The great thing about it is that you will have a device purpose-built to resurrect old Ni-Cad packs. Consider it a valuable addition to your home prepper/self-sufficiency kit.
Since you’re building an electronic device, take all the safety precautions in order to avoid electrical shock. To learn how to build it, click here.
Here’s another video by masczone that will show you how to revive your old Ni-Cad batteries:
Now you don’t have to dispose of nickel-cadmium batteries and battery packs right away. There is no need to buy new ones, either.
Just choose any of the methods we have mentioned, whichever suits you best. Restoring dead Ni-Cad batteries is another survival skill that you have just learned.
Do you have another idea on how to bring Ni-Cad batteries back to life? Tell us about it in the comments section below!
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Editor’s Note: This post was originally published on December 28, 2015, and has been updated for quality and relevancy.
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Michael W. Perry
October 30, 2014 at 8:43 AM
Others will point this out, so I might as well be the first. Consider investing about $25 in one of the programmable charging machines sold by La Crosse Technology. You can set up modes that recondition dying batteries. They cost a little more than ordinary rechargers, but they can do much more.
Unfortunately,I couldn’t get La Crosse to even try to charge a NiMH battery that’d become totally discharged by sitting in a Bluetooth mouse for about two years. Instead, I used a very cheap, brute-force USB battery charger to force a charge into those batteries. Once given a partial charge, the La Crosse was willing to recondition it.
November 2, 2014 at 1:08 AM
Why do NiCads go bad? And how do these tricks restore them?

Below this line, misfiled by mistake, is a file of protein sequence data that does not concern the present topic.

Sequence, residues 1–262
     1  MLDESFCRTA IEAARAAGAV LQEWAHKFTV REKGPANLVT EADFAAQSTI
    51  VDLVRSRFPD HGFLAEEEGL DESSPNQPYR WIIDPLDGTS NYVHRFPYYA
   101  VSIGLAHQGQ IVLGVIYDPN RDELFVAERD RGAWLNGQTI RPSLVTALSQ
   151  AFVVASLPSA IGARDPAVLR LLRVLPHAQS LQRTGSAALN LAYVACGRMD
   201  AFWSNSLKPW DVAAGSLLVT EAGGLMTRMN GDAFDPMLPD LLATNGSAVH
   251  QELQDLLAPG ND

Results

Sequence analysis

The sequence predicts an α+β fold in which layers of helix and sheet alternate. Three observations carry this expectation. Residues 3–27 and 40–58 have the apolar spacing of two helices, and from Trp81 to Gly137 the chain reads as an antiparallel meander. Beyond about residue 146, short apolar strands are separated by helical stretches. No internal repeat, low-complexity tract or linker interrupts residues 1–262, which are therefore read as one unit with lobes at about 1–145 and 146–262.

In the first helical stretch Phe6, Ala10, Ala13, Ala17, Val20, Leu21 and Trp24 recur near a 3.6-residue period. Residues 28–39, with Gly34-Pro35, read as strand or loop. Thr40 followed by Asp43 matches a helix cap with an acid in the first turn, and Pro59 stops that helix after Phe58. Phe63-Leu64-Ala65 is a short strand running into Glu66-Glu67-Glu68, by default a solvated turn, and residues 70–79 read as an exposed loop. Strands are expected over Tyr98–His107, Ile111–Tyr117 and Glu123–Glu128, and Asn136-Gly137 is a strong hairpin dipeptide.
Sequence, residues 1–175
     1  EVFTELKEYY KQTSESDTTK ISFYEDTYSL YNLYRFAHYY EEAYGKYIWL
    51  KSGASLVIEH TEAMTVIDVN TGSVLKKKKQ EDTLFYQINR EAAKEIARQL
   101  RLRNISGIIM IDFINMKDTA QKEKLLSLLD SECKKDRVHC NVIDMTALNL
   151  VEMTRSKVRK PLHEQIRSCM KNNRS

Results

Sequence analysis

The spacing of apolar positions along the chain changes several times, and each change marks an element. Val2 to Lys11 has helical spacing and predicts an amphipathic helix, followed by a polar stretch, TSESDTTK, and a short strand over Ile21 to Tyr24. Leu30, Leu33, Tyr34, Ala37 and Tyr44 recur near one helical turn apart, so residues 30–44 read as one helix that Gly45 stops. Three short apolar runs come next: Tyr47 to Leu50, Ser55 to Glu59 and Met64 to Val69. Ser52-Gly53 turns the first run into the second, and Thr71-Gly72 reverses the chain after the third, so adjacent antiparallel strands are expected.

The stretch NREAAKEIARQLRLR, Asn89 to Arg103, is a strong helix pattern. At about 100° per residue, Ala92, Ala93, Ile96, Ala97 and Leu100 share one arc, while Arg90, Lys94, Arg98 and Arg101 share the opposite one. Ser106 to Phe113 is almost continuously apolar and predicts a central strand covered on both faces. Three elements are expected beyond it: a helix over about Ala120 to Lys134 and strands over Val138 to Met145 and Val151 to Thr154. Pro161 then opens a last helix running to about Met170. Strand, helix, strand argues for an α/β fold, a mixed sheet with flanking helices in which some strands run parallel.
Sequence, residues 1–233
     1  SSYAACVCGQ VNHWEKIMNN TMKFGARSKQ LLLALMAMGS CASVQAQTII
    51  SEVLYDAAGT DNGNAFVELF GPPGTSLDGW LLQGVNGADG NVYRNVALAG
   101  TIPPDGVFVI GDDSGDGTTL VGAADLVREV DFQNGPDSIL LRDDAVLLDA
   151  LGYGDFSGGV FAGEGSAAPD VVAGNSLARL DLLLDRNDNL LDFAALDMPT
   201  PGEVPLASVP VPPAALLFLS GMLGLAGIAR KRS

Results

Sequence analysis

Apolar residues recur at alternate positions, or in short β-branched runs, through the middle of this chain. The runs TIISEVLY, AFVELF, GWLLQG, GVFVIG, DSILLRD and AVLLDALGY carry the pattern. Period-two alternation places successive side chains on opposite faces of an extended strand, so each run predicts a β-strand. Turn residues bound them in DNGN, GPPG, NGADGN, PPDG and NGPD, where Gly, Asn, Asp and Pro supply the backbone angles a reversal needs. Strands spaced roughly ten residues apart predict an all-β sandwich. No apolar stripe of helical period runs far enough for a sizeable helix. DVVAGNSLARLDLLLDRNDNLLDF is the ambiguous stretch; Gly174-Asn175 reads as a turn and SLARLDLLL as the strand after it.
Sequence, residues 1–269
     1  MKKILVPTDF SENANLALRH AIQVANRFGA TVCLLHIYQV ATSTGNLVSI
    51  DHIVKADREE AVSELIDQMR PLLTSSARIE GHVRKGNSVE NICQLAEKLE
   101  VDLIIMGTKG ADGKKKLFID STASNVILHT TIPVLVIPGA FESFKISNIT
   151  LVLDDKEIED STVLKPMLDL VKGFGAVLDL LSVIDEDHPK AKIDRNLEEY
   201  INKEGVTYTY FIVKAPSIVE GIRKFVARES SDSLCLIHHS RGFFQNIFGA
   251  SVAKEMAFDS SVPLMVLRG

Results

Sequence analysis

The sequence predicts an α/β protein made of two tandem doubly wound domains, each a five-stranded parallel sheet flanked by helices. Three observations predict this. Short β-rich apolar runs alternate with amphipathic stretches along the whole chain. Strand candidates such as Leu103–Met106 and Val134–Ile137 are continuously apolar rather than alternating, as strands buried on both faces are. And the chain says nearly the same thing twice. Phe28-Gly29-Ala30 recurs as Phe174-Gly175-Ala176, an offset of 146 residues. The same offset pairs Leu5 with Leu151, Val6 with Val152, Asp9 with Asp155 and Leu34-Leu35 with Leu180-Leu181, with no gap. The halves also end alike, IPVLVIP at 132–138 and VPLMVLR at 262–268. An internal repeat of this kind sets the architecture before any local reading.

December 26, 2014 at 11:36 AM
Because everything goes bad eventually! Not all Rechargeable Batteries can be revived, but Nicads can take a high short burst of voltage to give them a kick start to help them take a charge again, but they will not be able hold it as when new. I/we in the business have used a 12 volt car charger and just give them a quick (1 or 2 second) shock to get them started before starting the recharge/conditioning cycle. The reason for the shocking is to restore the polarity that sometimes reverses when they go Very DEAD for to long! Other reasons they go bad is Short Charging times, you should run nicads down till they aren’t doing what they should then charge for the full time recommended on the charger or until slightly warm (full charge!) Running them for short times then recharging over and over will shorten the run time every time you do that! Always run down completely & recharge till warm when you can or when you see the charge is not lasting as long as you think it should! Hope that helps? Charlie
December 26, 2014 at 11:38 AM
PS. The main reason things die is the chemical makeup reactions required within them stop working, same thing goes for people!
December 26, 2014 at 11:41 AM
PS again! The shock of the higher voltage reenergizes the chemical activity! (sometimes) Which gets the batt. going.
OK, That should be it!
September 11, 2018 at 8:26 PM
The battery grows crystals that create a short circuit within the cell. The Zapping burns out the short circuit and allows the cell to again take a charge. This has been known at least since the 1960s. By most Electronic Engineers.
May 17, 2017 at 11:28 PM
When using the battery charger method why are you reversing the polarity of the battery charger in relation to the battery,this is counterintuitive and could very well explode the battery as well as ruining the battery by possibly reversing the polarity of the battery?
I have repaired electronics professionally for 45 years and this does not sound right.
November 2, 2017 at 6:03 PM
Seems backwards to me too.